Sensationalist anti-religious rhetoric by some non-religious and anti-religious activists certainly exists in the world today as evidenced by numerous best-selling books and popular websites. It is understandable that many religious people are wary of virtually all secularist movements and are led to interpret state neutrality as a threat. But we should not let the anti-religious voices dominate discourse about an inclusive, but neutral public square. Many secularists find such rhetoric objectionable and divisive and Canadian courts recognize that excluding religion entirely from public life compromises the neutrality the Charter of Rights and Freedoms demands of the state. A balance needs to be struck between religion as a private matter and a social phenomenon. Courts rule against religious practices by the state, they allow individual’s expression of religious values in political decision-making. Chief Justice Beverly McLachlan, in a case over the acknowledgement of same-sex parented families in schoolbooks, writes that school boards have an obligation to consider the religious viewpoints of the students’ parents, saying that religion “cannot be left at the boardroom door”. She adds, however, that “Religious views that deny equal recognition and respect to the members of a minority group cannot be used to exclude the concerns of the minority group” (Chamberlain vs. Surrey School District, 2002).
So what is the way forward? Clearly, reducing the situation to a “Pro” vs. “Anti-“ religious dichotomy is counter-productive. There can be no winner in a struggle like that, and especially not children who will inherit a more polarized and distrustful world. Through the ideal of a religiously neutral but inclusive state, a number of routes to a compromise that respects the rights and dignity of the various sides may be found. Hopefully, the Horizon School district will explore these before the start of the new school year.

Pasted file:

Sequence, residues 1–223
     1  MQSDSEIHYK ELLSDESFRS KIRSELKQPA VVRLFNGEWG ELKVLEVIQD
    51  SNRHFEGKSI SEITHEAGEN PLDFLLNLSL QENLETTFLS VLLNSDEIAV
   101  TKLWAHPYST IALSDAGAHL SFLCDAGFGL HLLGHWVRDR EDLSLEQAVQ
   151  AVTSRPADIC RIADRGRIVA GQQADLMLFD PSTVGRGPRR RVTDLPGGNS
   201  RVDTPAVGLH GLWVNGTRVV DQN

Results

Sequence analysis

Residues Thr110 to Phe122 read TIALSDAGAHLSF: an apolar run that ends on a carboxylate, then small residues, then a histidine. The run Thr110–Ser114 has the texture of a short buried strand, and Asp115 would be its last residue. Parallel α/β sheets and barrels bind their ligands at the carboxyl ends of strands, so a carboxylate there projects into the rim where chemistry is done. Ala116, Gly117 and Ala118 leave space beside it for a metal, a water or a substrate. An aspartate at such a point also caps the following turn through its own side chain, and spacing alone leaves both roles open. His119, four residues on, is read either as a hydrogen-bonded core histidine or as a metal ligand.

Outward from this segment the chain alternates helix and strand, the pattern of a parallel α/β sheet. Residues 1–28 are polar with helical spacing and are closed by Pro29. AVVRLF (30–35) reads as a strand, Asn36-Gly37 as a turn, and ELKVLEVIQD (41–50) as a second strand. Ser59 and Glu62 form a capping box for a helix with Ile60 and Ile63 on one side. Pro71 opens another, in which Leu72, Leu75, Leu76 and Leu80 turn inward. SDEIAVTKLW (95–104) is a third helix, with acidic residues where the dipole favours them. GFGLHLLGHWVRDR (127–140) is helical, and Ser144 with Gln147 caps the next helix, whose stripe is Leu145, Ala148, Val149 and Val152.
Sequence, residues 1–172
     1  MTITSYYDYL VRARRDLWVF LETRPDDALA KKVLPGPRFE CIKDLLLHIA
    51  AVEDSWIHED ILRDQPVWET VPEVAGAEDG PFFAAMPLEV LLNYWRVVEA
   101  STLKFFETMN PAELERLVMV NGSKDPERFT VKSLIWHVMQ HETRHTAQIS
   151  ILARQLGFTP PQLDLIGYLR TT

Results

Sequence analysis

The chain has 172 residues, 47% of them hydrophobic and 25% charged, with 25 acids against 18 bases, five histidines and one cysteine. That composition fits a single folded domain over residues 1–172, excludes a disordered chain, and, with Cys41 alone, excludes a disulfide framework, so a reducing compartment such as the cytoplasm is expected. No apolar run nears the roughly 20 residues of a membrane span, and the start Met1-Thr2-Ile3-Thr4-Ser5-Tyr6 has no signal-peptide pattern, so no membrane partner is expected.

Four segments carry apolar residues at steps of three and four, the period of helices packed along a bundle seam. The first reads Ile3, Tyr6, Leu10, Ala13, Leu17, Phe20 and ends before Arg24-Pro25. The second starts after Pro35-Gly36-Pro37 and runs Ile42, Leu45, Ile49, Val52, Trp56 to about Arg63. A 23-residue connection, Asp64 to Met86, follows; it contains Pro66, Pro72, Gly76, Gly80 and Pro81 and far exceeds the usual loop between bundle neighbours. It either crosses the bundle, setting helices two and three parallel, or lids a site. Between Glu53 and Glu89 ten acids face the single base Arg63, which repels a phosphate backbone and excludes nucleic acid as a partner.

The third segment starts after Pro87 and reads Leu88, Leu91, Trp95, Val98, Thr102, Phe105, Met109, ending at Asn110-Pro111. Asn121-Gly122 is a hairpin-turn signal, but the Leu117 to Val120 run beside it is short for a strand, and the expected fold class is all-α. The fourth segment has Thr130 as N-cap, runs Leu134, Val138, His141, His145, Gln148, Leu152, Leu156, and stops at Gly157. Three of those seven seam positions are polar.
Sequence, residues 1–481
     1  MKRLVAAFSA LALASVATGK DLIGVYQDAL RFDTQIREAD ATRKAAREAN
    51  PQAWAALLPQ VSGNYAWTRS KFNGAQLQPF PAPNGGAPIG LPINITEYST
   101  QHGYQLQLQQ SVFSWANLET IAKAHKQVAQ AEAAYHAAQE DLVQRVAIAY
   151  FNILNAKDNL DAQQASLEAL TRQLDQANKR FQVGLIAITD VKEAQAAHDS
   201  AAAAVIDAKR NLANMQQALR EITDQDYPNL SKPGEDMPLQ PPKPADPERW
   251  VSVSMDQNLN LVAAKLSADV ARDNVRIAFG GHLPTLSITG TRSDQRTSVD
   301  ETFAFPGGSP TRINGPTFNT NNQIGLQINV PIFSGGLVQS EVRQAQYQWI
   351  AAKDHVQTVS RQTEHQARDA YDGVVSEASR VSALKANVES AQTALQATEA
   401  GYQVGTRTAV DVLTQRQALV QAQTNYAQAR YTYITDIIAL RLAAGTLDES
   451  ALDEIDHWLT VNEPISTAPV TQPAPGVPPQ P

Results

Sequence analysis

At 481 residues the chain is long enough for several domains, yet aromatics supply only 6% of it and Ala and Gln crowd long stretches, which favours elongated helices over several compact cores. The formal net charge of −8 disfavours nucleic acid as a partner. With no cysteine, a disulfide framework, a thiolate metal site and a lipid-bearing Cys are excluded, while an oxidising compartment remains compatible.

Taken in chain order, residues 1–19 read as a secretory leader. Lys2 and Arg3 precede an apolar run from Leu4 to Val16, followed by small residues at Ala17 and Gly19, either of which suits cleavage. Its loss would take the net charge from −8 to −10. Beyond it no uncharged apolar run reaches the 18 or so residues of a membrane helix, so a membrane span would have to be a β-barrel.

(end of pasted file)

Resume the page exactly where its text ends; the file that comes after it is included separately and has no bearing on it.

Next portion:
Here is my Taber Times letter of June 17.
I am not sure what subjects Ray Sheen taught or still teaches that he gets so much wrong about the nature of a free democracy, but I would like to point out that there is a fundamental difference between a bunch of school kids voting whether to play soccer or football and which of those children will have their fundamental rights suspended by a choice made by their classmates’ parents. Mr. Sheen says in his letter of June 10 that he never saw any social cost being paid by pupils who declined participation in their school’s religious rituals. This may be due to his very presence that kept the majority in line, or to his not actually looking hard enough.
The Supreme Court, which is charged with protecting the fundamental rights of everyone in this country, has determined in a number of cases that stigmatization from non-participation in state-sponsored prayer is harmful. Allowing non-believers to sit out the prayers forces them to self-identify and thereby open themselves up to hurtful stigmatization. This can occur without violence or harsh words. In February of this year, a mildly autistic Florida boy invited all of his kindergarten classmates to his sixth birthday party. There were no responses. The boy’s pain was not the result of bullying but exclusion. Had his parents not complained through social media the teacher might have remained oblivious.
What Mr. Sheen is affirming is not the democratic principle of majority rules but the willful abuse of children’s rights through the “tyranny of the majority”, something the Supreme Court rightly finds contrary to the fundamental rights as guaranteed in the Charter of Rights and Freedoms.